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Unit information: International Security in 2015/16

Please note: you are viewing unit and programme information for a past academic year. Please see the current academic year for up to date information.

Unit name International Security
Unit code POLIM3012
Credit points 20
Level of study M/7
Teaching block(s) Teaching Block 1 (weeks 1 - 12)
Unit director Professor. Herring
Open unit status Not open
Pre-requisites

None

Co-requisites

None

School/department School of Sociology, Politics and International Studies
Faculty Faculty of Social Sciences and Law

Description

This unit introduces the student to the subject of international security. It investigates in particular the involvement of liberal democracies with international security issues, and discusses the various explanations of this involvement as necessary self-defence in a dangerous and insecure world. This unit also considers the successes and failures of the global spread of liberal democracy, especially in relation to ethnic and religious conflict. In addition, it examines the implications of the maintenance of a sharp north-south security divide for the emergence of new forms of global terrorism and trans-national violence. The dominant mode of interpretation is that problems in international security are caused by illiberal, undemocratic actors 'out there'. Another interpretation is that liberal democracies have also been involved in bringing about international security problems, escalating them and prolonging them. The student is taught to think critically about both modes of interpretation. This unit is only available to students registered for MSc/Diploma degrees in the Department of Politics. Please note that the Department does not permit the auditing of any of its units.

This unit aims:

  • To become familiar with issues in international security and the involvement of liberal democracies in them
  • To provide an introduction to various explanations of international security and of the role of liberal democracies in them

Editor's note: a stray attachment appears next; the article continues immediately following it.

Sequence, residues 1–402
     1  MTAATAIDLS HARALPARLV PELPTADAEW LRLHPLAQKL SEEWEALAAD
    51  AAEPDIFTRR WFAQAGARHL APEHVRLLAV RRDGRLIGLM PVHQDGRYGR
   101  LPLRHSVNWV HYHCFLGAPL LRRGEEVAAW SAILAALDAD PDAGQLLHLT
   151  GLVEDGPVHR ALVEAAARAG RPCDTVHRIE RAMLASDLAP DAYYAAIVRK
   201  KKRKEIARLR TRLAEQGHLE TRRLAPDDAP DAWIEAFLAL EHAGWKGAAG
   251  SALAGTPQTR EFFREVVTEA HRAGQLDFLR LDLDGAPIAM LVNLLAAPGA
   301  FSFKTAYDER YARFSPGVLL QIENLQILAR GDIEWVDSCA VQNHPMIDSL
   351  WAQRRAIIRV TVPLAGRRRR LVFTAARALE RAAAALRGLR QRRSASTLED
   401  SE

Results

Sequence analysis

• To consider the implications of such representations of security and the consequences of the actions of international players on the global order

Intended learning outcomes

On successful completion of this unit the student should have:

  • Thorough knowledge of approaches to international security
  • The ability to understand a range of relevant concepts and related theories – in particular the liberal democratic peace (& its war ethos), the nuclear and terrorist threats, the arms trade and its consequences, genocide and ethnic cleansing, conflict and development, humanitarian intervention and trans-national violence
  • Knowledge of the contemporary historical dimensions of international security
  • The ability to integrate theoretical and empirical material
  • The ability to analyse news politically
  • The ability to make articulate, concise, persuasive and well-paced presentations in small groups
  • The ability to present articulately, concisely and persuasively and to support a presentation with effective written material
  • The ability to engage in constructive discussion

Teaching details

Teaching will be delivered through a one-hour lecture plus a one-hour seminar per group. The following methods will be outlined and used in the seminars:

  • Analysis of texts
  • Extraction of meaning from news reports
  • Listening and speaking in discussion, using a variety of formats.

Assessment Details

Formative assessment: an oral presentation supported by a handout Summative assessment: a 3,500 - 4,000 word essay

A full statement of the relationship between the programme outcomes and types/methods of assessment is contained in accompanying Programme Specifications and section B7 of the Major Change to Current Programme forms for the programmes of which this unit is a part. The assessment for each unit is designed to fit within and contribute to that approach in terms of intellectual development across each of the two teaching blocks, and in relation to knowledge and understanding, intellectual skills and attributes, and transferable skills.

Reading and References

  • Baylis, J. Wirtz, J. Cohen, E and Gray, C. Strategy in the Contemporary World: An Introduction to Strategic Studies, Oxford University Press, 2002
  • Booth, K. & Dunne, T. (eds), Worlds in Collision: Terror and the Future of Global Order, Palgrave, 2002
  • Buzan, B & Herring, E. The Arms Dynamic in World Politics, Lynne Rienner, 1998
  • Chomsky, N. The New Military Humanism: Lessons from Kosovo, Pluto, 1999
  • Hough, P. Understanding Global Security, Routledge, 2004
  • Kaldor, M. New and Old Wars: Organised Violence in a Globalised Era, Polity Press, 1999

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